George Blair, better known as “Banana George,” spent more than 50 years waterskiing while dressed in his signature bright yellow wet suit. Last week, at age 98, the waterski legend died at his home in New York City of natural causes—but it’s safe to say he will not be forgotten any time soon.
According to an article published by The Ledger, Blair will continue to hold the Guinness World Record of the only person to have water skied on all seven continents, receiving the title after his 1986 ski on Whaler’s Bay in Antarctica. In addition to that feat, he also skied in 45 countries. Blair was even credited by the Water Ski Hall of Fame as the person who, in 1988, opened the doors between waterskiers in the Eastern Bloc and the rest of the world.
Blair didn’t try waterskiing until he was 40, in 1955. Following a back surgery that helped fuse his spine, doctors told him some of his rehabilitation could be done in warm water, which inspired him to get involved with the sport.
Although the intensity of waterskiing may not have been what Blair’s doctors had in mind when they recommended “warm water rehabilitation,” it was clear he had a passion for it.
“The first time I had waterskied—it was an instant high for me,” Blair said in a previous article. “I just loved every minute of it.”
When he was 46, he transitioned into barefoot skiing, which is when he started to receive more attention.
Blair often performed at ski shows nationally and internationally. In addition to his signature yellow wet suit, he often skied while holding the tow rope between his teeth or entertained the audience by eating a banana while skiing. He had 15 national championship medals under his belt and performed in seven water ski championships. His hard work paid off in 1991 when he was inducted into the Water Ski Hall of Fame.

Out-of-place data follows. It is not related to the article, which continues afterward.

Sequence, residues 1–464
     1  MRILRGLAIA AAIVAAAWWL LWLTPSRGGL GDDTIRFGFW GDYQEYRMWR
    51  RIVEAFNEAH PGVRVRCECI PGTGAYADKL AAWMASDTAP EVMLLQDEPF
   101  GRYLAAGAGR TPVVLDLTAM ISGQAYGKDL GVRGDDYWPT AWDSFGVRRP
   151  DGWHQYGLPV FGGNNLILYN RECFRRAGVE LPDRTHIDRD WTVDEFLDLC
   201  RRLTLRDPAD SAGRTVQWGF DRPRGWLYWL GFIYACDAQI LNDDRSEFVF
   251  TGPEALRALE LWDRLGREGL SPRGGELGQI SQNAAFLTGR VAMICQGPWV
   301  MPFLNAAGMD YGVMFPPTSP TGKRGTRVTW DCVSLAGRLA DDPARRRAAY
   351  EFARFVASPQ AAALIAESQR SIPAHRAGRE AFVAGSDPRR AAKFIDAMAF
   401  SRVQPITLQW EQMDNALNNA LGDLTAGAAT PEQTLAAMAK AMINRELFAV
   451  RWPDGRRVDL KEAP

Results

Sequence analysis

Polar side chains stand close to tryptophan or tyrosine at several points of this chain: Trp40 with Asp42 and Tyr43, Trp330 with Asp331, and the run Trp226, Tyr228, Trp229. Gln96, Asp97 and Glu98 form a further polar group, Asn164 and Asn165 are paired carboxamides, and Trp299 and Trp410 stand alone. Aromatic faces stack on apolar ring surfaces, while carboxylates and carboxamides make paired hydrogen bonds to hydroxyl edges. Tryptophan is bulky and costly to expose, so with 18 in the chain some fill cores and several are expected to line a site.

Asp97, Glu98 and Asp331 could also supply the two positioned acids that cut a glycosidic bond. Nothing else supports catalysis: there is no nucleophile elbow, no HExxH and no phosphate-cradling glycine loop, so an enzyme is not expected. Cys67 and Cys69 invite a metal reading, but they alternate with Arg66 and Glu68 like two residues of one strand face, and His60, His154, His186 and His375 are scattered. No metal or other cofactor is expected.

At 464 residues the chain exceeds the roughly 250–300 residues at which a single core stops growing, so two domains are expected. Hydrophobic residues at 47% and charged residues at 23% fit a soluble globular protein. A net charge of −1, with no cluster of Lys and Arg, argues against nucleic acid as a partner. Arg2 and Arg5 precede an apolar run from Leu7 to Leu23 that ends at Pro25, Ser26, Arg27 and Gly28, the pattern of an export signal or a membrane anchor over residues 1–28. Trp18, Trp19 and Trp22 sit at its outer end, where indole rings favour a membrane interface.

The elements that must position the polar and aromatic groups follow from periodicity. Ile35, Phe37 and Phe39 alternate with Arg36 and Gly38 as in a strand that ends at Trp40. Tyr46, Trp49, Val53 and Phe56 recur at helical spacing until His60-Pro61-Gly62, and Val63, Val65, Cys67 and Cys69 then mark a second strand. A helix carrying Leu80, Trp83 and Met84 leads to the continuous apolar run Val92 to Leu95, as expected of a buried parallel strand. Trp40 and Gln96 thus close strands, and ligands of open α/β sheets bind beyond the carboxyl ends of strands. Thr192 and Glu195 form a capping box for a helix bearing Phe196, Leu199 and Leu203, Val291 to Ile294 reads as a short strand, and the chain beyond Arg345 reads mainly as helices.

Aside from waterskiing, Blair was a businessman who owned two ski schools with his family. He also was the owner of three patents and co-founded Shrewsbury State Bank in New Jersey, which merged with Valley National Bank in 2005. To prove his skills were all over the map, he also founded a baby portrait service for hospitals.
The skier credited his ability to ski into old age to being health-conscious. Blair was known to record what he ate, what exercise he got, and how he felt.
“That’s what I’m all about,” he said several years ago. “I’m trying to keep healthy. So far, it’s worked pretty good.”
Friends and family described him as someone who was always happy around people and loved what the world had to offer.
“He has this unbelievable high,” Paul McDonald, who drove ski boats for Blair, said in an interview several years ago. “He’s shaking hands, talking, signing autographs. I can’t explain it. He goes back to being a young man. It’s amazing.”
To help commemorate his life, family mentioned that donations can be made to the George Blair Ambassador of Skiing Scholarship, which is a college scholarship for waterskiers that was started before his death.
Check out the video below of Blair waterskiing at 85 years old.